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Old Mar 14, 2006, 5:24 AM   #21
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As they say, it's not a camera, it's a man behind it that counts.

artiemagee
If you are into sports and/or low-light photography, or just THINKING about buying additional/special lenses or bodiesand building a system - go for a DSLR.

If you are like me and just need a resonably good-quality camera for the time being, you can get any one of them in your list, it depends on your budget and personal preferences.

The ideal digicam for me (and for me only) would be an all-in-one 10-12 MP DSLR with a large sensor anda good quality fixed fast 24-200 mm lens with good macro, flash connector that syncs up to at least 1/1000 sec and a live LCD in addition to large and bright OVF. - sounds like a next generation Olympus E20.

Good luck wit your choice, whatever it will be - just enjoy it and shoot some pics, instead of overanalysing the "+" and "-" of different models and features that nobody ever uses.:-)






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Old Mar 14, 2006, 12:42 PM   #22
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Hi Algold thanks for your comments,

I would'nt be much into sport photogrphy,be more into landscape, macro and general holiday snaps, but i want a camera also capable of taking good indoor shots like live music shows, parties, restaurants, family get togethers etc where 95% of the time use of a flash would'nt cause any objection.

Did you find it hard to get used to the evf on the 9500 and do you have problems with it hunting for focus, and what pp do you recommend thats effective butquite easy to use Thanks artie magee




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Old Mar 14, 2006, 1:19 PM   #23
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There are two points that I think deserve the most attention, DOF and iso400-1600 performance (noise).

I've found that a fair amount of my photography requires at least iso800 (even when light appears good, and even when using flash... if you want pleasing results), and also that I really like using shallow DOF. Digicams (superzoom or otherwize) just can't do that. Price is obviously something to worry about, as an SLR system tends to get quite expensive as you add all the lenses it takes to replicate the purpose built one attached to a digicam. Perhaps you prefer a deep DOF where everything is always in focus, in which case you'd favor the superzoom.

DLSR's are photographic speed machines ala ferrari. Everything is about taking the photo, and doing it your way. The viewfinder is so much easier to use (I say this having switched to a DSLR from a superzoom type digicam) and manual focus is actually possible. The way the camera reacts to you is worlds better with a dslr versus any digicam I've used, and thats an important trait to me. I havent used the fz30 though, and I'm sure they are making progress in this area.

All-in-one lenses like a 28-300 are a compromise, and you wont be getting the best images that the D50 is capable of, BUT will they be better than the fz30? I can't answer that, but I'd say its worthwhile to consider, since the extra quality will always be just a lens change away. Also, 300mm on a dlsr is a very long lens, maybe you dont need that much reach?

Be weary about the macro designation on a lens, when its a zoom lens that often (usually!) means 1:4 which isnt neccasarily that close. A "true" macro lens goes to 1:1 where you can focus several inches away and fill the viewfinder with a bug or flower or whatever. Just make sure you know what your comparing, thats a silly trick they play.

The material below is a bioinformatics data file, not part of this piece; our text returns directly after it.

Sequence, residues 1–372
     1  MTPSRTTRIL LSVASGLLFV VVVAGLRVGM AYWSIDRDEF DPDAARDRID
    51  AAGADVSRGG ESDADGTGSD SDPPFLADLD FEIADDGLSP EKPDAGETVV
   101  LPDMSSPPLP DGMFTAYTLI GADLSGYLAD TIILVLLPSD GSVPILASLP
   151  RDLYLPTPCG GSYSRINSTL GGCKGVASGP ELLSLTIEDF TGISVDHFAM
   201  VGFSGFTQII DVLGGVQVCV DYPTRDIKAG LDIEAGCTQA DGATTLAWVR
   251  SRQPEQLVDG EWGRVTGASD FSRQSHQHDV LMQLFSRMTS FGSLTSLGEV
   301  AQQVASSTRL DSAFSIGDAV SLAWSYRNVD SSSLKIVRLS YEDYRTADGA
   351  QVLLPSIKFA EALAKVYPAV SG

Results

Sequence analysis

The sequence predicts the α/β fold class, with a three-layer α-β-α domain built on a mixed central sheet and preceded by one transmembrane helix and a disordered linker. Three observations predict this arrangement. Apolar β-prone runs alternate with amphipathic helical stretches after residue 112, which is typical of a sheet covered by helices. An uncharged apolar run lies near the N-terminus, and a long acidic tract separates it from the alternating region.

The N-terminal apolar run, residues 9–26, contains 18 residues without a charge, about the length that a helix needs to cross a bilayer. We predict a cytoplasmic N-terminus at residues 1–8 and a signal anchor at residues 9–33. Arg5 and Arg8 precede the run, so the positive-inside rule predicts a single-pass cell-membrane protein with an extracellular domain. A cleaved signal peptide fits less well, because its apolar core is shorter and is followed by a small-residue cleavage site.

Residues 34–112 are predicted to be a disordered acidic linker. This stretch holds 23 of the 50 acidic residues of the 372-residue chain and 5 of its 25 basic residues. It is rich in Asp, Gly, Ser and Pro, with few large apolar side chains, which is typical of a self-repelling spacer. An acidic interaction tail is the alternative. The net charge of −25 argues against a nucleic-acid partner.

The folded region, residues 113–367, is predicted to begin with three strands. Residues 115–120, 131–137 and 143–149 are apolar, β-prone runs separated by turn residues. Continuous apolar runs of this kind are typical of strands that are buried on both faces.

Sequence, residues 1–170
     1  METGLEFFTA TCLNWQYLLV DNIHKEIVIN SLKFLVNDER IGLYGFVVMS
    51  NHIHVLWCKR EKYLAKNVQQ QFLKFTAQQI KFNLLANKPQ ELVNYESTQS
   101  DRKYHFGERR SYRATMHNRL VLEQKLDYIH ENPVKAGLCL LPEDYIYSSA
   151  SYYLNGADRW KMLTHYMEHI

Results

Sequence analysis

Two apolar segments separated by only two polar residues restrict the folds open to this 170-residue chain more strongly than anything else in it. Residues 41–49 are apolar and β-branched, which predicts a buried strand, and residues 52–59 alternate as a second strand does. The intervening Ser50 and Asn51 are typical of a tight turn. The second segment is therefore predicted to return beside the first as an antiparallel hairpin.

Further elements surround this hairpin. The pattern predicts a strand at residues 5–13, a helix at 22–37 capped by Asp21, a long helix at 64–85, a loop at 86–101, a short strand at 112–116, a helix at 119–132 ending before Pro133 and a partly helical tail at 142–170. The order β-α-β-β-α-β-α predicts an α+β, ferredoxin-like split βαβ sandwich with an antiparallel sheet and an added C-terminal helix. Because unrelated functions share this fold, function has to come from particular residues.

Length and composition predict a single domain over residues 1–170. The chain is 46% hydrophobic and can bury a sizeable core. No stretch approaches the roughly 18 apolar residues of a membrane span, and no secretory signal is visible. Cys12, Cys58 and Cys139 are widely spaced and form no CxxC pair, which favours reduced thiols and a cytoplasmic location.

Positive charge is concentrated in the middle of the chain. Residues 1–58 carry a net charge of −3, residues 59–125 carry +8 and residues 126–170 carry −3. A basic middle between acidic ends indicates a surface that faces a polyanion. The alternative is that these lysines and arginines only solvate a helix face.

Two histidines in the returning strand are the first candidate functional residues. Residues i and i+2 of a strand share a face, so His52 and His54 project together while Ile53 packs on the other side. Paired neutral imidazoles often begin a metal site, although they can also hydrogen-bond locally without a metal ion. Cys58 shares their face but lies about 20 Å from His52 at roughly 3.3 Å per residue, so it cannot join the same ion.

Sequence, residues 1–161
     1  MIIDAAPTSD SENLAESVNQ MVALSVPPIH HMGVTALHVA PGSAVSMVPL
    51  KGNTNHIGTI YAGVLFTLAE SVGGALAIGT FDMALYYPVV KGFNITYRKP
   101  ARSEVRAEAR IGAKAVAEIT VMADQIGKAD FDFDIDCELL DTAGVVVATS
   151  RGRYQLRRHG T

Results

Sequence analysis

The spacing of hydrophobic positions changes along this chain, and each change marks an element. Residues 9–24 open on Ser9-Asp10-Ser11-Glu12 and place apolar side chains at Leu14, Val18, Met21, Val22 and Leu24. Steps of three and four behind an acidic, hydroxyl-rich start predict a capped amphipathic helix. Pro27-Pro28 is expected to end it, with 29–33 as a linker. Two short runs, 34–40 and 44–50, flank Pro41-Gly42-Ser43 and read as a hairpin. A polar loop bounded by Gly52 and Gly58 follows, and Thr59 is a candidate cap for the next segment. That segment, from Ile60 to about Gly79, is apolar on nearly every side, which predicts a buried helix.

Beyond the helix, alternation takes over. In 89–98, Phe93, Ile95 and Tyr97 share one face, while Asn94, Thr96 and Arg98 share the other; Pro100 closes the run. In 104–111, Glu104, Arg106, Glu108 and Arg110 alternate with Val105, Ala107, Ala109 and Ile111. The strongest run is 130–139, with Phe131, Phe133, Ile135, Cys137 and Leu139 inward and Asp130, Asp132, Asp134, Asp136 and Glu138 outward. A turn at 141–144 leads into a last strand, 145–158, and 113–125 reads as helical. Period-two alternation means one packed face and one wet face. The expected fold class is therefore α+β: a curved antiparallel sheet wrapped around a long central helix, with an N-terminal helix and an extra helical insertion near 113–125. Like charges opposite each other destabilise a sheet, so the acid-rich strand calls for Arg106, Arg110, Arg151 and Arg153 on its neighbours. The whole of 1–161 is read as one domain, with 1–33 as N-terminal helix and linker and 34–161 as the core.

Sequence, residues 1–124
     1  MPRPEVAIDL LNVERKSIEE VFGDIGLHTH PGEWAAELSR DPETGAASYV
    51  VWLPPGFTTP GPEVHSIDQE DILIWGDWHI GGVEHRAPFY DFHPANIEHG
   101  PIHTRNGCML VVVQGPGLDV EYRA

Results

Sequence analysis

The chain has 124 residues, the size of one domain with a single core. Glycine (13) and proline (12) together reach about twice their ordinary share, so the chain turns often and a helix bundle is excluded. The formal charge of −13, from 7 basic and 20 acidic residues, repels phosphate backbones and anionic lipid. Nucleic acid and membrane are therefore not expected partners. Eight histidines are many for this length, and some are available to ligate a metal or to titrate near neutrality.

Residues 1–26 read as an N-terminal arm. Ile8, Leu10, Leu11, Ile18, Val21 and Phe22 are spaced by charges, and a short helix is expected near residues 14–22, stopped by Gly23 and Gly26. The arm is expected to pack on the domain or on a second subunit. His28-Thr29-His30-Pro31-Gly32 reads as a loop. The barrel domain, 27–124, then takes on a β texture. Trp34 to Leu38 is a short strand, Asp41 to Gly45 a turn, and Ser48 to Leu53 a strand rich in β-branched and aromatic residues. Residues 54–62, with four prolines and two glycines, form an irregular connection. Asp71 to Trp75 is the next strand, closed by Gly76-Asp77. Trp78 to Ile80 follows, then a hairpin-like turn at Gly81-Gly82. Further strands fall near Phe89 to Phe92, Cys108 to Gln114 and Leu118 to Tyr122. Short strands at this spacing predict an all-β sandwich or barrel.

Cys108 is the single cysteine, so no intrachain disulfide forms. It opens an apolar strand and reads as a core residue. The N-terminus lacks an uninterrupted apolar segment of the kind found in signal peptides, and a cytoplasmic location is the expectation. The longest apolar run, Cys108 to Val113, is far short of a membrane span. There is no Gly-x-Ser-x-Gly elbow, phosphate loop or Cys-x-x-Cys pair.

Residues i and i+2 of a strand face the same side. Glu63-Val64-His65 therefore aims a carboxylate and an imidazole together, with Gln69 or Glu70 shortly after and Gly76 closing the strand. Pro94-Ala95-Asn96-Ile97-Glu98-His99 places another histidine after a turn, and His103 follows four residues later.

Overall digicams are cheaper (until you consider future upgrades...), lighter, and more portable. They are also more inflexible, and seem to have a lot of say in the photographic process (such as when the shutter released, how long it takes to get through this or that menu, image processing for color/sharpness). For the snapshooter, its not really something to worry about.

I'm also very sensetive to the effects of noise, it bugs me more than it should. Even with a DSLR I use noise reduction software on all my favorite shots. With a digicam though, I find the noise deplorable and constantly struggling with it. With a dslr I can set iso800 and forget it, knowing the results will be fine.
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Old Mar 14, 2006, 4:30 PM   #24
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Hello, Artie Magee.

Please, keep in mind that I am no expert on digicams and photography and I still have a lot to learn .

tmoreau has covered all the major points already and there is not much Ican add.

To answer your questions:

The EVF on 9500 is very good with high resolution and refresh rate and a short lag. It's not anOVF of my old Nikon though, but I did not have any problems to get used to it and it is much better than EVF of my S5500. The tilting LCD is also useful for framing.

AF is good and fast, it hunts occasionally in low light at tele end of the zoom.

Up to ISO 400 noise is very low, you can hardly see it on A4 (8x10) prints, although it is visible on screen at a 100% magnification. It doesn't really mean much, because to see it in print you have to blow your images up to about 1mx1.5m - and you don't usually look at a picture of this size from a 30 cm distance. I still have to check ISO800 and 1600.

Hooking up my 10 years old Vivitar 283 flash gives me a working distance of about 15 meters.

Fuji's colours are very natural and you won't need much PP. My routine is simple: backing up the images (I never work on an original image), cropping, brightness and contrast adjustment, retouching if needed (cloning out small annoying elements, selective blur etc.), a little bit of sharpening (just go easy on it) and, finally, saving and archiving. I use Paint Shop Pro 9, but almost any image editor can do the same. Again, I am no expert here and just learning the ropes.

All in all, S9500 can do almost anything you can throw at it and do it well. Just don't rush it, it's not a simple and easy to start with camera. This is a compromise, as tmoreausaid, but this is the best in it's category compromise. For me this is the best (IMO) compromise I could have made until I'll be finally ready to invest in a DSLR system camera and lenses.